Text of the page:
Change. It’s a thorny issue for IT service management. Each new update to a service management process needs to provide business value, but how do you balance this against the benefit of settled workflows, consistency, structure and everyone knowing their role?
The aim of Continual Service Improvement (CSI) is to make processes, functions, resources and IT services more efficient and effective. CSI is as much about a mindset, ethos and underpinning culture as it is about a framework and improvement structure. Without understanding, buy in and belief, it will be an uphill struggle and one that may not realize the benefits originally envisaged.
Changing processes continuously does not provide enough time to gauge the impact (benefit or even drawback) of the changes. This period of reflection is included within the ‘Plan – Do – Check – Act’ or PDCA decision framework William Edwards Deming is credited with creating.
PDCA was coined to help improve quality and service, but it does not have a specific timeframe attached to it. As the business landscape has become more competitive and IT resources come to play a more crucial role in helping enterprises remain ahead of other companies in their market, so the pace of change has increased. The advent of the digital age has dramatically increased the speed of the supply chain, with this benefit in speed of delivery comes and even higher risk of failure and maybe even more serious, the potential for the repeat of that failure. CSI and agility within this area is more than ever vital to the heart beat of an organization that wants to deliver first class services to its customer base.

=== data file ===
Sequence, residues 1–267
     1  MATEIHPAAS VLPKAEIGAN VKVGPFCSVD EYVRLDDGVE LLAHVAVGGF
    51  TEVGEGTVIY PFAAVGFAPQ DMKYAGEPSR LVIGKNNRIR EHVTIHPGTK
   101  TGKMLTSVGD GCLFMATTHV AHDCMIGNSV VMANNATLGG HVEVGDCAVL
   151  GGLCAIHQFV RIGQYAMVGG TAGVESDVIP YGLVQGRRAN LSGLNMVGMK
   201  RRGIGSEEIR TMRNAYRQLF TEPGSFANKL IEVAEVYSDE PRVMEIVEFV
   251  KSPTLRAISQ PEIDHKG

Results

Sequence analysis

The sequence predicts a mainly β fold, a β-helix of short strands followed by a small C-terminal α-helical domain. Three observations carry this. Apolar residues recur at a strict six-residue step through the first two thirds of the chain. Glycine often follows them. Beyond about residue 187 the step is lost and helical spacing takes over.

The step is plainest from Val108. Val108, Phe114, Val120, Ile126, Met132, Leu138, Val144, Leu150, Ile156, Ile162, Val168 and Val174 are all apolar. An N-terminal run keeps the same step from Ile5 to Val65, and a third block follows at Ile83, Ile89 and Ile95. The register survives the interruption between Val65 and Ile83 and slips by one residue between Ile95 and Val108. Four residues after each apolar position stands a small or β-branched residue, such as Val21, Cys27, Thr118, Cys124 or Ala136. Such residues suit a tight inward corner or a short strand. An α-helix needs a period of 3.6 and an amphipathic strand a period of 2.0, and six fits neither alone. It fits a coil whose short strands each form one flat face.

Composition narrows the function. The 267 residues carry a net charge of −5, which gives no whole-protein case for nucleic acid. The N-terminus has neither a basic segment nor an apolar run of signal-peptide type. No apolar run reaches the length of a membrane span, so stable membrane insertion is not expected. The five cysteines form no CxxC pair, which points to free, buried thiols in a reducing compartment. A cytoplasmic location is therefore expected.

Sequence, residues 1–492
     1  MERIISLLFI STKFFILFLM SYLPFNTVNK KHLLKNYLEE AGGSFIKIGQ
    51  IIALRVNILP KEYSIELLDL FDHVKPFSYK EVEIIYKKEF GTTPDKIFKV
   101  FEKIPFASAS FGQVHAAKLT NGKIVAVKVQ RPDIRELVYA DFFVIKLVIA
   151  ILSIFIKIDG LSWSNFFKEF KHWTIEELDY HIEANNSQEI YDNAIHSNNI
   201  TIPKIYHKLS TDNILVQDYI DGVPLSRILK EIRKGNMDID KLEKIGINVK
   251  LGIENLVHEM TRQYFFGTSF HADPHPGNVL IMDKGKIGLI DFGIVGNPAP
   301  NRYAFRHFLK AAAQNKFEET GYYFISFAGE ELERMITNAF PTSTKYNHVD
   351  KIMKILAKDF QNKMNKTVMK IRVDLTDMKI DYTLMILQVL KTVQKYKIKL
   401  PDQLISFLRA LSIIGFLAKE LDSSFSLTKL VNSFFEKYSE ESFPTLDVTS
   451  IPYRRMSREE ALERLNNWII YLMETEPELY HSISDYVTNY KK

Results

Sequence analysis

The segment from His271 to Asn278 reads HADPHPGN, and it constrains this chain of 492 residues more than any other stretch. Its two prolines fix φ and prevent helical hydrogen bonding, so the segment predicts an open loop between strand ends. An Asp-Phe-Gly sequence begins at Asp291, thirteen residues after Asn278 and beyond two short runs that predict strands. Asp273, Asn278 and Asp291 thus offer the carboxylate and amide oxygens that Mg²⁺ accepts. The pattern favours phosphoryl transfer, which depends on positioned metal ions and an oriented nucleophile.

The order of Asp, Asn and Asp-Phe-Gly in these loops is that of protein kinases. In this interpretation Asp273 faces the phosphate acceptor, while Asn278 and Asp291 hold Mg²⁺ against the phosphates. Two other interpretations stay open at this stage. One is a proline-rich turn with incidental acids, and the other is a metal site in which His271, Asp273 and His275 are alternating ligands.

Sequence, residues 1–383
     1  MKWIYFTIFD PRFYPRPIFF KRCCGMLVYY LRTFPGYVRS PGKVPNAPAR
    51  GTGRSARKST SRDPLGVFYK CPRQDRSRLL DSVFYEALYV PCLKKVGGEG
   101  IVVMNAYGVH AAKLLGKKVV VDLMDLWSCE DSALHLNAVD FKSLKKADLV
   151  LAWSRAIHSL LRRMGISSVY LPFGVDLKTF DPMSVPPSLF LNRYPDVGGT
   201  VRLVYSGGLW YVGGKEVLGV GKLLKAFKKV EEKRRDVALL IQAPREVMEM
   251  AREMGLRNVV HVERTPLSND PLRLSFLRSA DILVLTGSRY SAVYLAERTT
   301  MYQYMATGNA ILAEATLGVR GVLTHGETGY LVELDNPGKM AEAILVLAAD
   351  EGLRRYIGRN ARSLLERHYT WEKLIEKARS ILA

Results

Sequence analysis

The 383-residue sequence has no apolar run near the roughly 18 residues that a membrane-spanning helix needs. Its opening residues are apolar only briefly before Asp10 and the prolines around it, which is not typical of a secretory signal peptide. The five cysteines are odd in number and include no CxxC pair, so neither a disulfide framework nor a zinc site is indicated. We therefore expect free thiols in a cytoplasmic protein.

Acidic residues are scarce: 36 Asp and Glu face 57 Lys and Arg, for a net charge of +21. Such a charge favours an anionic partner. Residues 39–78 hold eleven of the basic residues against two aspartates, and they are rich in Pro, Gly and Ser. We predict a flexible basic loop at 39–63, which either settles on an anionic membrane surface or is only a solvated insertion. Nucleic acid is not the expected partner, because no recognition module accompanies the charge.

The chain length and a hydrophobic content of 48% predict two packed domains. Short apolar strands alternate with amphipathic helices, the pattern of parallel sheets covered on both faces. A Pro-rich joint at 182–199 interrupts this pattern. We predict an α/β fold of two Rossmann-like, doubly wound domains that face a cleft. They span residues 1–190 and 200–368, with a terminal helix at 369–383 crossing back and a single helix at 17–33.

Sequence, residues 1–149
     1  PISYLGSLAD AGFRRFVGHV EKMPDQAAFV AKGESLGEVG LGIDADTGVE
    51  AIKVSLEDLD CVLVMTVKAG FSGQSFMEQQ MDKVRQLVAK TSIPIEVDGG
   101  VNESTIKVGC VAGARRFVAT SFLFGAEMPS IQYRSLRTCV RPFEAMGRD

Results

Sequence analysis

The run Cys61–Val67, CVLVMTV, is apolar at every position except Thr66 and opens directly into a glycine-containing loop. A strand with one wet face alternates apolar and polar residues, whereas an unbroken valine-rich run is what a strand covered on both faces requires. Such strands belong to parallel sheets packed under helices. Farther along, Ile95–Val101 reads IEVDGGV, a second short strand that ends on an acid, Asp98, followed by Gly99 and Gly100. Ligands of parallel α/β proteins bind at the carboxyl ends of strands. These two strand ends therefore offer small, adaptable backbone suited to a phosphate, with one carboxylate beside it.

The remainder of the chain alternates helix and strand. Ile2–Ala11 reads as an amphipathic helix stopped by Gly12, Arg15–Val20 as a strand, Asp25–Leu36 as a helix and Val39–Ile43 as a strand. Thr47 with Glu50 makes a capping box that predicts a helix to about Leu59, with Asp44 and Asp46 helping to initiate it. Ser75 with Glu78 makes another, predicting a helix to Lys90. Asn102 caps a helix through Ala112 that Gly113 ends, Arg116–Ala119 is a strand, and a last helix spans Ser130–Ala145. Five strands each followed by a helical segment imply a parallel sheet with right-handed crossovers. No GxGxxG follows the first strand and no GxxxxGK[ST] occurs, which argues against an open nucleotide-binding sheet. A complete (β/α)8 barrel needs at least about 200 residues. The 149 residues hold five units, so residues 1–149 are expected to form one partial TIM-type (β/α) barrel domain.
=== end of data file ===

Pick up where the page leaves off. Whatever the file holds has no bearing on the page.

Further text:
Innovations around cloud computing, automation and agile development have increased the speed at which new IT tools and services are created and updated; projects that previously would have taken place over months or years are now being completed in weeks.
So how often should you look to make a change? How long is a piece of string?
The answer is that it all depends on your particular business needs and how quickly you can see the impact on the service from the change. An e-commerce website can make many changes, and quickly, as it can use web analytics and data from its website performance tools that any change can be immediately monitored and reported. For IT service management, the results of a change will take longer to come to fruition. And, you’ll need data to prove the effectiveness of a change. The formula that needs to be addressed is business need vs benefit vs impact vs risk.
CSI has the potential to create much more business value for the organization, but it relies on having access to clean and accurate data in the first place. This use of data for decision making and establishing how much benefit has been created is essential, yet it should not be used instead of making changes. I have seen teams suffer from “analysis paralysis” where they made no changes and spent their time arguing over what the data meant or devoted so much effort to potential projects that were so large in scope they did not start in the first place.
The pace of change is a challenging one to get right, as there is no “one size fits all” guidance that companies can look to. What does set the pace is how quickly the data from changes can be generated and used correctly and productively for decision-making.